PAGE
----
Schizophrenia refers to a group of severe, disabling psychiatric disorders marked by withdrawal from reality, illogical thinking, possible delusions and hallucinations, and emotional, behavioral, or intellectual disturbance.
Nursing Care Plans
Nursing management of schizophrenia involves recognizing schizophrenia, establishing trust and rapport, maximizing level of functioning, assessing positive and negative symptoms, assessing medical history and evaluating support system.
Here are six (6) nursing care plans for schizophrenia:
- Impaired Verbal Communication
- Impaired Social Interaction
- Disturbed Sensory Perception: Auditory/Visual
- Disturbed Thought Process
- Defensive Coping
- Interrupted Family Process
Impaired Verbal Communication: decreased, reduced, delayed, or absent ability to receive, process, transmit, or use a system of symbols.
May be related to
- Altered perceptions.
- Biochemical alterations in the brain of certain neurotransmitters.
- Psychological barriers (lack of stimuli).
- Side effects of medication.
Possibly evidenced by
- Difficulty communicating thoughts verbally.
- Difficulty in discerning and maintaining the usual communication pattern.
- Disturbances in cognitive associations (e.g., perseveration, derailment, poverty of speech, tangentiality, illogicality, neologism, and thought blocking).
- Inappropriate verbalization.
- Patient will express thoughts and feelings in a coherent, logical, goal-directed manner.
- Patient will demonstrate reality-based thought processes in verbal communication.
- Patient will spend time with one or two other people in structured activity neutral topics.
- Patient will spend two to three 5-minute sessions with nurse sharing observations in the environment within 3 days.
- Patient will be able to communicate in a manner that can be understood by others with the help of medication and attentive listening by the time of discharge.
- Patient will learn one or two diversionary tactics that work for him/her to decrease anxiety, hence improving the ability to think clearly and speak more logically.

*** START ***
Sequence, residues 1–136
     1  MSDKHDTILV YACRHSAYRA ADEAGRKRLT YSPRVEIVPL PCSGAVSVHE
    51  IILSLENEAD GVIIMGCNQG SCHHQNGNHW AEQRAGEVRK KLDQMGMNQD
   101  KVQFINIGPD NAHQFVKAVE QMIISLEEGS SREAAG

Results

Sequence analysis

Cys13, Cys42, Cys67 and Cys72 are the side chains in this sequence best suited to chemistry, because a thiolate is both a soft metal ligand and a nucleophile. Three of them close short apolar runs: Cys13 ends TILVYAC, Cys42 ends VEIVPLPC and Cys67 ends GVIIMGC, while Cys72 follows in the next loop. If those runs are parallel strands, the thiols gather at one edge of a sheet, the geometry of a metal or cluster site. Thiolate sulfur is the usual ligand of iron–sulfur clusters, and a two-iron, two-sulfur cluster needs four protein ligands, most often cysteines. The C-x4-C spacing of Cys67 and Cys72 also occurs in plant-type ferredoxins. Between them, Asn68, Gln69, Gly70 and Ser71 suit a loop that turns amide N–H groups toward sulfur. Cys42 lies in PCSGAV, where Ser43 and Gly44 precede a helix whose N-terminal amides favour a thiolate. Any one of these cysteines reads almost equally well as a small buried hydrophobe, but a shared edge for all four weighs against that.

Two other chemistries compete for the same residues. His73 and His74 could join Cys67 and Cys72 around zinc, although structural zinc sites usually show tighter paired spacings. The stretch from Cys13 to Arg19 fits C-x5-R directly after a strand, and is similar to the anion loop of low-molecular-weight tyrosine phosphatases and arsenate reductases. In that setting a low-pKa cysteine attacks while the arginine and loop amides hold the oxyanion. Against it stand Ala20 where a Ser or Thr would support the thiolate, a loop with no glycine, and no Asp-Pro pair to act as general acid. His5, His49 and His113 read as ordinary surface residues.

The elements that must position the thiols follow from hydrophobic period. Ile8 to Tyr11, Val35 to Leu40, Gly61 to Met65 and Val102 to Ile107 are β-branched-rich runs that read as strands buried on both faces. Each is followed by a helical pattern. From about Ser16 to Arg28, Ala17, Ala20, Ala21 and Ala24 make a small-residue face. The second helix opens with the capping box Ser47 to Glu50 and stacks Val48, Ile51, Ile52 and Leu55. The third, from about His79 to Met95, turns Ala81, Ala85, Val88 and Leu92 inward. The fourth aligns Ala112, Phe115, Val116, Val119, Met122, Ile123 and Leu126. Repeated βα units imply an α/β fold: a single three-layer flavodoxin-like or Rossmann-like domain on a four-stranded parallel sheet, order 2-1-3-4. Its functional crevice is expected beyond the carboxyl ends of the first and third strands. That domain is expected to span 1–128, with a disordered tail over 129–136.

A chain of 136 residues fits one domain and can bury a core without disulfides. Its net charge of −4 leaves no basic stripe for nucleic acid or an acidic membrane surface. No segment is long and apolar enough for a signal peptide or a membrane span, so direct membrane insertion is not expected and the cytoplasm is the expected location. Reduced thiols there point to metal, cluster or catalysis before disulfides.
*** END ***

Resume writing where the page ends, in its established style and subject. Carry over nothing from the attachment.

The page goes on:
|Assess if incoherence in speech is chronic or if it is more sudden, as in an exacerbation of symptoms.||Establishing a baseline facilitates the establishment of realistic goals, the foundation for planning effective care.|
|Identify the duration of the psychotic medication of the client.||Therapeutic levels of an antipsychotic aids clear thinking and diminishes derailment or looseness of association.|
|Keep voice in a low manner and speak slowly as much as possible.||High-pitched/loud tone of voice can elevate anxiety levels while slow speaking aids understanding.|
|Keep environment calm, quiet and as free of stimuli as possible.||Keep anxiety from escalating and increasing confusion and hallucinations/delusions.|
|Plan short, frequent periods with a client throughout the day.||Short periods are less stressful, and periodic meetings give a client a chance to develop familiarity and safety.|
|Use clear or simple words, and keep directions simple as well.||Client might have difficulty processing even simple sentences.|
|Use simple, concrete, and literal explanations.||Minimizes misunderstanding and/or incorporating those misunderstandings into delusional systems.|
|Focus on and direct client’s attention to concrete things in the environment.||Helps draw focus away from delusions and focus on reality-based things.|
|Look for themes in what is said, even though spoken words appear incoherent (e.g., fearful, sadness, guilt).||Often client’s choice of words is symbolic of feelings.|
|When you do not understand a client, let him/her know you are having difficulty understanding.||Pretending to understand limits your credibility in the eyes of your client and lessens the potential for trust.|
|When client is ready, introduce strategies that can minimize anxiety and lower voices and “worrying” thoughts, teach client to do the following:|
|Helping client to use tactics to lower anxiety can help enhance functional speech.|
|Use therapeutic techniques (clarifying feelings when speech and thoughts are disorganized) to try to understand client’s concerns.||Even if the words are hard to understand, try getting to the feelings behind them.|
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Mental Health and Psychiatric Care Plans
Care plans about mental health and psychiatric nursing:
- Anxiety and Panic Disorders | 7 Care Plans
- Bipolar Disorders | 6 Care Plans
- Major Depression | 6 Care Plans
- Personality Disorders | 4 Care Plans
- Schizophrenia | 6 Care Plans
- Sexual Assault | 1 Care Plan
- Substance Dependence and Abuse | 8 Care Plans
- Suicide Behaviors | 3 Care Plans
Recommended books and resources:
- Nursing Care Plans: Diagnoses, Interventions, and Outcomes
- Nurse's Pocket Guide: Diagnoses, Prioritized Interventions and Rationales
- Nursing Diagnoses 2015-17: Definitions and Classification
- Diagnostic and Statistical Manual of Mental Disorders (DSM-V-TR)
- Manual of Psychiatric Nursing Care Planning
- Maternal Newborn Nursing Care Plans
- Delmar's Maternal-Infant Nursing Care Plans, 2nd Edition
- Maternal Newborn Nursing Care Plans